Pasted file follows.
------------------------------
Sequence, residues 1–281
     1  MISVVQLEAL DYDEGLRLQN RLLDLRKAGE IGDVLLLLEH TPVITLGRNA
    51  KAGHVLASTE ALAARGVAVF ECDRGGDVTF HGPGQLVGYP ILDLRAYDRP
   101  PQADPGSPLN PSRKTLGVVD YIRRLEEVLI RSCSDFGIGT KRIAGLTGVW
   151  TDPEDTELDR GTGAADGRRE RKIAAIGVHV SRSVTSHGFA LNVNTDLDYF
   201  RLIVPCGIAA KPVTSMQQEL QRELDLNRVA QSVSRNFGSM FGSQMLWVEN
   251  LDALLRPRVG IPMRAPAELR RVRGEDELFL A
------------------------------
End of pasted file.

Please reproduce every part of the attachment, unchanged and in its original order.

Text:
Sequence, residues 1–281
     1  MISVVQLEAL DYDEGLRLQN RLLDLRKAGE IGDVLLLLEH TPVITLGRNA
    51  KAGHVLASTE ALAARGVAVF ECDRGGDVTF HGPGQLVGYP ILDLRAYDRP
   101  PQADPGSPLN PSRKTLGVVD YIRRLEEVLI RSCSDFGIGT KRIAGLTGVW
   151  TDPEDTELDR GTGAADGRRE RKIAAIGVHV SRSVTSHGFA LNVNTDLDYF
   201  RLIVPCGIAA KPVTSMQQEL QRELDLNRVA QSVSRNFGSM FGSQMLWVEN
   251  LDALLRPRVG IPMRAPAELR RVRGEDELFL A